NFHA is also pushing for a down payment assistance (DPA) program targeting first-generation homebuyers.
“And this is very critical, because what it what it takes into consideration is that prior generations were excluded from homeownership opportunity, and if we fully invest in a robust first generation DPA program — we’ve called for $100 billion — we could grow homeownership by 5.2 million new homebuyers,” Bailey said.
Has the housing market already crashed?
The U.S. is short at least 1 million homes amid one of the most volatile housing markets in more than a decade. And since the beginning of the pandemic, both rents and home purchase prices have soared.
These factors combined with high mortgage rates have pushed prospective homebuyers to the sidelines and back into the rental market. Many of those affected are either first-time or first-generation homebuyers.
And while home prices began falling slightly under the weight of higher mortgage costs, the combination of slightly lower sale prices with much higher interest rates has left some homeowners unable to upgrade or downsize as needed.
“Rising mortgage rates caused many households to be priced out from home buying and would-be buyers to remain renters,” wrote Moody’s analysts Lu Chen and Mary Le in a research note.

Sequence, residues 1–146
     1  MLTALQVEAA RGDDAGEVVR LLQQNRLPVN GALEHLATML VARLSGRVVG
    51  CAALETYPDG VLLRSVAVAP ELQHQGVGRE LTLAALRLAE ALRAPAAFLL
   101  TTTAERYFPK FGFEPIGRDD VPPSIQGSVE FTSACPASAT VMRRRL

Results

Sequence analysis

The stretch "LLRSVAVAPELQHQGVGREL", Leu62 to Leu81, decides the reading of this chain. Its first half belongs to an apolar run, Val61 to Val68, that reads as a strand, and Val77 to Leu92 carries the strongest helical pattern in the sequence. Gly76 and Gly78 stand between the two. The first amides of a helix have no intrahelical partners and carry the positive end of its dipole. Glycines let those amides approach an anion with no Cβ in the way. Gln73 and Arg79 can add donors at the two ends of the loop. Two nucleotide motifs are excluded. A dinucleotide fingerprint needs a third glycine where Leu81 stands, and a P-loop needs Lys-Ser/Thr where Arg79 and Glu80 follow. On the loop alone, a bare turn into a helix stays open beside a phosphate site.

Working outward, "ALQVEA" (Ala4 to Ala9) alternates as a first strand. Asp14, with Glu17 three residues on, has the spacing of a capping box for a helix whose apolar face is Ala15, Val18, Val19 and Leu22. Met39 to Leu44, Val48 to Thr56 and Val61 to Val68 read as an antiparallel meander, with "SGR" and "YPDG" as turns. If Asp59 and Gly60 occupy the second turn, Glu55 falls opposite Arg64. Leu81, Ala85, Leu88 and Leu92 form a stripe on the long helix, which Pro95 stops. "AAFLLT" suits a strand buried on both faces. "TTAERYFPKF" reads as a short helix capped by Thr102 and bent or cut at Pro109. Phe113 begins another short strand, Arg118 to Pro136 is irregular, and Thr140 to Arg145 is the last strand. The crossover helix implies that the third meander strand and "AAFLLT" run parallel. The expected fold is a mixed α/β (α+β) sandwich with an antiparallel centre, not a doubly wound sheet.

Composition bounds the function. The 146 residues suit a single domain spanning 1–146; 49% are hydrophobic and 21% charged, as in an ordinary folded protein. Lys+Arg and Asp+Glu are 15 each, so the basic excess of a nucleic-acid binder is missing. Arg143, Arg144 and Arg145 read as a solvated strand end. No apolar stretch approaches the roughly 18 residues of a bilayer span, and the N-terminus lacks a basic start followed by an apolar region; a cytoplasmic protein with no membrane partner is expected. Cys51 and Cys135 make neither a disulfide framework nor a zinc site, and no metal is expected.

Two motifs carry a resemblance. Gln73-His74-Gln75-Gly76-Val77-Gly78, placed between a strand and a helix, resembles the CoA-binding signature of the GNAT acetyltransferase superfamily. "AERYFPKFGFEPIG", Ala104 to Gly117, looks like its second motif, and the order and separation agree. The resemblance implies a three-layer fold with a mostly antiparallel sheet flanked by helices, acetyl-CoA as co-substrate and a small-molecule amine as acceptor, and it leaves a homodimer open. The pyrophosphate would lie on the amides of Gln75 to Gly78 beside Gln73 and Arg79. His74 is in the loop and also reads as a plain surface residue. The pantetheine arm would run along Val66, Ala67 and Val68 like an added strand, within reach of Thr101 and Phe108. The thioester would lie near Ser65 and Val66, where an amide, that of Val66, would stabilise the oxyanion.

“Apartment demand surged as a result and drove rates sky high. As the disparity between rent growth and income growth widens, American’s wallets feel financial distress as wage growth trails rent growth,” they wrote.
What makes a house ‘unaffordable’?
A home is typically considered unaffordable if a family must spend more than 30 percent of its income on it.
Depending on a variety of factors, including average household income and various local market forces, what the actual income number looks like across the country can vary widely.
Recent data shows a decline in housing affordability over the last few years by both the standard definition and by a measurement of the number of homes affordable to a family earning the nation’s median income.
The NAHB-Wells Fargo Housing Opportunity Index released last week found that housing affordability is at an all-time low.